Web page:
adjective Heraldry.
(of a beast) represented wearing something about the neck in the manner of a collar: a lion gules gorged with a collar or.

1600–10; gorge1 + -ed3

ungorged, adjective
Dictionary.com Unabridged


1 [gawrj]
a narrow cleft with steep, rocky walls, especially one through which a stream runs.
a small canyon.
a gluttonous meal.
something that is swallowed; contents of the stomach.
an obstructing mass: an ice gorge.
the seam formed at the point where the lapel meets the collar of a jacket or coat.
Fortification. the rear entrance or part of a bastion or similar outwork. See diag. under bastion.
Also called gorge hook. a primitive type of fishhook consisting of a piece of stone or bone with sharpened ends and a hole or groove in the center for fastening a line.
the throat; gullet.
verb (used with object), gorged, gorging.
to stuff with food (usually used reflexively or passively): He gorged himself. They were gorged.
to swallow, especially greedily.
to choke up (usually used passively).
verb (used without object), gorged, gorging.
to eat greedily.
make one's gorge rise, to evoke violent anger or strong disgust: The cruelty of war made his gorge rise.

1325–75; (v.) Middle English < Old French gorger, derivative of gorge throat < Vulgar Latin *gorga, akin to Latin gurguliō gullet, throat, gurges whirlpool, eddy

gorgeable, adjective
gorgedly [gawr-jid-lee] , adverb
gorger, noun

1. defile, ravine, notch, gap. 10. glut, cram, fill. 11. devour. 11, 13. bolt, gulp, gobble.
Dictionary.com Unabridged
Based on the Random House Dictionary, © Random House, Inc. 2014.
Cite This Source Link To GORGED
World English Dictionary
gorge (ɡɔːdʒ)
1.  a deep ravine, esp one through which a river runs
2.  the contents of the stomach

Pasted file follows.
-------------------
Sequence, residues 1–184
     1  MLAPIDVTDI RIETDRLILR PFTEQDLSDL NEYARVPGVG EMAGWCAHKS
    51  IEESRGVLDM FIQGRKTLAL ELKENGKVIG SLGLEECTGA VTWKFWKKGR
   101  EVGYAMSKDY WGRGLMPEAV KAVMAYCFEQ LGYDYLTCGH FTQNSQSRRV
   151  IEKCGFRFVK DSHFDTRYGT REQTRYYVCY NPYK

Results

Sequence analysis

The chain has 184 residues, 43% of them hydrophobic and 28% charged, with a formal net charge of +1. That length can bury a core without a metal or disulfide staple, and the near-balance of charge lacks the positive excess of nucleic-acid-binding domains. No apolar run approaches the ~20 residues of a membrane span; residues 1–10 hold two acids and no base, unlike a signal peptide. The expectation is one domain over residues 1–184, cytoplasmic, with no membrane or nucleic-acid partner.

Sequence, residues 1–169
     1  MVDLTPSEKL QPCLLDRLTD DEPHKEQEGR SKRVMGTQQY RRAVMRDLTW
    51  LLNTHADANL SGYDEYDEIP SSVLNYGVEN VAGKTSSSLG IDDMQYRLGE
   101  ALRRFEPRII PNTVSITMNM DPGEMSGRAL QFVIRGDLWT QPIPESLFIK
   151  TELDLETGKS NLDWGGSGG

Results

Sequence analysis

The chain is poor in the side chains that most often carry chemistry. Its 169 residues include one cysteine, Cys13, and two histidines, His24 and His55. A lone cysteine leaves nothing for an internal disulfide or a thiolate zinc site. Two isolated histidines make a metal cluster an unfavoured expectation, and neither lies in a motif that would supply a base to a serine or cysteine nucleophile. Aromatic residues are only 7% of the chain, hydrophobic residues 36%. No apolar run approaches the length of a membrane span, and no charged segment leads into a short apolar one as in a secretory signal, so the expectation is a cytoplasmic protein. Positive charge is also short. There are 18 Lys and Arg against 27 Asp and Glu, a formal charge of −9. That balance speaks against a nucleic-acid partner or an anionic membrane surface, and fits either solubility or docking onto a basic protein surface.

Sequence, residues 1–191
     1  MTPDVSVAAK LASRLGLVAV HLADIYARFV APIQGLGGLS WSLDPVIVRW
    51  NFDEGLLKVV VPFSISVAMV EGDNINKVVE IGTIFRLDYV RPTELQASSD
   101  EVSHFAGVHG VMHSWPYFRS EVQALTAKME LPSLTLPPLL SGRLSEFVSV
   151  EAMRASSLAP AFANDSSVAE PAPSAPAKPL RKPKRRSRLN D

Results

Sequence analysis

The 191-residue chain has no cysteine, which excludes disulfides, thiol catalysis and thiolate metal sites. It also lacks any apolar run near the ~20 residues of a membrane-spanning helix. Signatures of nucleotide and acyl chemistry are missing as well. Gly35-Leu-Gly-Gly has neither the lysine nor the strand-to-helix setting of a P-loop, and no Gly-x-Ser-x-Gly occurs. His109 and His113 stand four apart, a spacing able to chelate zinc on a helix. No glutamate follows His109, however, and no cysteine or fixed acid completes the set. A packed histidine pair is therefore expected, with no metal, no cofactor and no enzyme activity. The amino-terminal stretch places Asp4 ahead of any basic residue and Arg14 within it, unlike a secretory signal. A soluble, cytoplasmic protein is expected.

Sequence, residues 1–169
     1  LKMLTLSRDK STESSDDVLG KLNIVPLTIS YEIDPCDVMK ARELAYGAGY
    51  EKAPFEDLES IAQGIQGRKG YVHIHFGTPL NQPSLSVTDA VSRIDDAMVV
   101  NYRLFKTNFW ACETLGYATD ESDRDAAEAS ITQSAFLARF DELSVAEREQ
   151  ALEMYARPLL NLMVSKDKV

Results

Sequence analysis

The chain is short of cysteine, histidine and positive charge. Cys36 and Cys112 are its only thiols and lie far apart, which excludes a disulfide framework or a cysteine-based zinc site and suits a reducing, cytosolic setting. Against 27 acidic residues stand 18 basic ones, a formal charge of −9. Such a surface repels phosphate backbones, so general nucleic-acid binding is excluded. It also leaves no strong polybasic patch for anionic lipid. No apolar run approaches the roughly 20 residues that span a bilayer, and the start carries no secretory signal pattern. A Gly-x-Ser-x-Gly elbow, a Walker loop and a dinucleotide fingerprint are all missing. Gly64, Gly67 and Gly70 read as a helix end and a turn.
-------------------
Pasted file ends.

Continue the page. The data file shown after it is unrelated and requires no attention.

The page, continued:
3.  feelings of disgust or resentment (esp in the phrase one's gorge rises)
4.  an obstructing mass: an ice gorge
5.  fortifications
 a.  a narrow rear entrance to a work
 b.  the narrow part of a bastion or outwork
6.  archaic the throat or gullet
7.  (intr) falconry (of hawks) to eat until the crop is completely full
8.  to swallow (food) ravenously
9.  (tr) to stuff (oneself) with food
[C14: from Old French gorger to stuff, from gorge throat, from Late Latin gurga, modification of Latin gurges whirlpool]

Collins English Dictionary - Complete & Unabridged 10th Edition
2009 © William Collins Sons & Co. Ltd. 1979, 1986 © HarperCollins
Publishers 1998, 2000, 2003, 2005, 2006, 2007, 2009
Cite This Source
Word Origin & History

mid-14c., from O.Fr. gorge "throat, bosom," from L.L. gurges "gullet, throat, jaws," related to L. gurgulio "gullet." Transferred sense of "deep, narrow valley" was in O.Fr. The verbal meaning "eat greedily" (c.1300) is from O.Fr. gorger, from gorge.
Online Etymology Dictionary, © 2010 Douglas Harper
Cite This Source
American Heritage
Science Dictionary
gorge   (gôrj)  Pronunciation Key 
A deep, narrow valley with steep rocky sides, often with a stream flowing through it. Gorges are smaller and narrower than canyons and are often a part of a canyon.
The American Heritage® Science Dictionary
Copyright © 2002. Published by Houghton Mifflin. All rights reserved.
Cite This Source
Example sentences
He found that they gorged on seals in the spring and early summer, before
  breakup, then retreated to land as the ice melted.
From one book to the next, characters gorged on them.
With few retail deposits to speak of, the firm gorged on long-term debt and
  commercial paper to fund its lending.
Rust goblins gorged on its lithe body and undercarriage even in dry climates.
Related Words
Copyright © 2014 Dictionary.com, LLC. All rights reserved.
  • Please Login or Sign Up to use the Recent Searches feature